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Grow Carrots Anytime of the Year in Five Steps

Carrot near harvest
Carrots are easy to grow; just give them loose, rich soil free of clods and stones and a soil temperature anywhere between 45° and 85°F.

Carrots are easy to grow; just give them loose, rich soil free of clods and stones and a soil temperature anywhere between 45° and 85°F. That means you can grow carrots just about any time of the year in raised beds or containers—even in winter with the protection of a plastic tunnel.

Short and finger-size carrots that mature in as few as 50 days are ideal for all-year-round growing in home gardens; choose from these short, round, and fingerling varieties: Amsterdam ‘Minicor’ (ready in 55 days), Chantenay ‘Red Cored’ (ready in 70 days), ‘Nantes Half-Long’ (ready in 70 days), Nantes ‘Touchon’ (ready in 65 days), ‘Parmex’ (ready in 50 days), and ‘Thumbelina’ (ready in 60 days).

Carrots are slow to sprout and will benefit from a bit of protection early on. Use strips of burlap to protect seeds from birds and heavy rains until they sprout and begin to root. If temperatures drop below 40°F use spun poly row covers or plant blankets to protect beds and seedlings. Where freezing temperatures threaten or are common, grow carrots under the protection of plastic tunnels.

Sow carrots where you want them to grow; transplanting can cause carrots to grow forked and twisted. Once sown keep planting beds evenly moist to encourage quick sprouting and even and flavorful growth.

Five Easy Steps to Grow Carrots

Step 1: Prepare the planting bed. A raised bed or a half-barrel or other container filled with planting mix make a good home for carrots. Prepare the planting bed by turning the soil to a depth of at least 12 inches. If your soil is heavy with clay, add sand and well-aged compost to the bed and turn it under with a garden fork. Loose soil is best for carrot growing. Be sure to clear the bed of clods and stones which can cause carrot roots to fork or grow malformed.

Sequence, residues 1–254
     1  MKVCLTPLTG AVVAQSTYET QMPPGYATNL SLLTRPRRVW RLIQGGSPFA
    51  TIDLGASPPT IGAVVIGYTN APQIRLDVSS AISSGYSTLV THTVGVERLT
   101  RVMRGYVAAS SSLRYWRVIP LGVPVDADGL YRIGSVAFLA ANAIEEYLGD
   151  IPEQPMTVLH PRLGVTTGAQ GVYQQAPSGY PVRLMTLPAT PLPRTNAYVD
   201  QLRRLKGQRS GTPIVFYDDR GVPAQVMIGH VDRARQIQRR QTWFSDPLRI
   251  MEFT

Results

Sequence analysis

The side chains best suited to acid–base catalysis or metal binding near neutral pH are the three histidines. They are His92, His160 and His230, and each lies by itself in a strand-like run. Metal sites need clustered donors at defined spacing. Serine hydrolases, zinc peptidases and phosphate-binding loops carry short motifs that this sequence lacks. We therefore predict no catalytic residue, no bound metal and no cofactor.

Sprinkle bone meal across the bed, but don’t add manure to the soil bed before growing carrots. Bone meal is rich in phosphorus which encourages root growth; the nitrogen in manure will cause carrots to grow hairy roots. Water the bed deeply and let it sit a day or two before sowing carrots; you want evenly moist soil for fastest germination and growth.

Step 2: Sowing seeds. Carrot seeds are tiny; it is very easy to over-sow the planting bed or container. Mix carrot seeds with sand in the palm of your hand; this will make it easier to sprinkle seed across the bed—and you will know exactly where the seed has been sown. An alternative is to use pelletized carrot seeds that are easy to hold and sow one by one or seed tape—thin paper tape on which carrot seeds are evenly spaced. Pelletized seeds and seed tape will relieve you of having to thin seedlings later on.

Sow seeds thinly and evenly across the bed or down the row—eventually you will want to give each carrot an inch or slightly more to grow all around. Use the handle of garden hoe or rake to make a shallow trench to sow seed in rows. Rows next to weeping drip lines will ensure even moisture during the growing period. Cover seed lightly with ¼ inch peat moss or potting soil. Use the heel of your hand or a board to gently press down on the soil covered seed; this will ensure seeds make good contact with the soil which is essential for germination.

Step 3: Protect the seeds. Cover the bed with floating row covers to protect the shallow sown seed from the overhead drips of rain or irrigation that might uncover and expose the seed. Where the weather is hot and dry, use strips of burlap to cover the planting beds or rows (sprinkle the burlap with water to keep the seedbed just moist until seeds sprout). Be sure to look under your protective cover every day or two; when seeds sprout remove the burlap. Floating row covers can remain in place—particularly if temperatures dip below 40°F in your region.